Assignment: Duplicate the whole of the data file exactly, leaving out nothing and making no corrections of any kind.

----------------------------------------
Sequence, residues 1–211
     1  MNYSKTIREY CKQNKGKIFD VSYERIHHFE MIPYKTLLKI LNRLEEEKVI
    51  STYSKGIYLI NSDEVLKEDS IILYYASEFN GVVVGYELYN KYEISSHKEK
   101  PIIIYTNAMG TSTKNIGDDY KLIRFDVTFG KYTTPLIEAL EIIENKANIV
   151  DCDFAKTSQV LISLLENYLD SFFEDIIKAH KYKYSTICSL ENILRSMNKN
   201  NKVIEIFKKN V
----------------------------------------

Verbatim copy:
Sequence, residues 1–211
     1  MNYSKTIREY CKQNKGKIFD VSYERIHHFE MIPYKTLLKI LNRLEEEKVI
    51  STYSKGIYLI NSDEVLKEDS IILYYASEFN GVVVGYELYN KYEISSHKEK
   101  PIIIYTNAMG TSTKNIGDDY KLIRFDVTFG KYTTPLIEAL EIIENKANIV
   151  DCDFAKTSQV LISLLENYLD SFFEDIIKAH KYKYSTICSL ENILRSMNKN
   201  NKVIEIFKKN V